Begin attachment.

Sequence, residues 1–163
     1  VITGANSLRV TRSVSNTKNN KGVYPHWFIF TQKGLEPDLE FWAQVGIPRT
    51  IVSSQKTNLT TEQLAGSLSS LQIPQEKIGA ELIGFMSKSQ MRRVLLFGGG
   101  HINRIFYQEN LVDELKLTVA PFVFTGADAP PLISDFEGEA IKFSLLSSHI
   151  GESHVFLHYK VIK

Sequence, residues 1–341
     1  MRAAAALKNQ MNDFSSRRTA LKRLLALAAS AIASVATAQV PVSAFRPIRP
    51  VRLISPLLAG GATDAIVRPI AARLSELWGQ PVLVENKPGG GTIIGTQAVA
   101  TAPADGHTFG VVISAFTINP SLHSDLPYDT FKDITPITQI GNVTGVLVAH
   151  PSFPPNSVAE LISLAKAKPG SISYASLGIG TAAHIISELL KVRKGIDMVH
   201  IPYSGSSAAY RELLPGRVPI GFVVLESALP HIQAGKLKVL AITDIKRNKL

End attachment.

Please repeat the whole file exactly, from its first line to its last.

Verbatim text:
Sequence, residues 1–163
     1  VITGANSLRV TRSVSNTKNN KGVYPHWFIF TQKGLEPDLE FWAQVGIPRT
    51  IVSSQKTNLT TEQLAGSLSS LQIPQEKIGA ELIGFMSKSQ MRRVLLFGGG
   101  HINRIFYQEN LVDELKLTVA PFVFTGADAP PLISDFEGEA IKFSLLSSHI
   151  GESHVFLHYK VIK

Sequence, residues 1–341
     1  MRAAAALKNQ MNDFSSRRTA LKRLLALAAS AIASVATAQV PVSAFRPIRP
    51  VRLISPLLAG GATDAIVRPI AARLSELWGQ PVLVENKPGG GTIIGTQAVA
   101  TAPADGHTFG VVISAFTINP SLHSDLPYDT FKDITPITQI GNVTGVLVAH
   151  PSFPPNSVAE LISLAKAKPG SISYASLGIG TAAHIISELL KVRKGIDMVH
   201  IPYSGSSAAY RELLPGRVPI GFVVLESALP HIQAGKLKVL AITDIKRNKL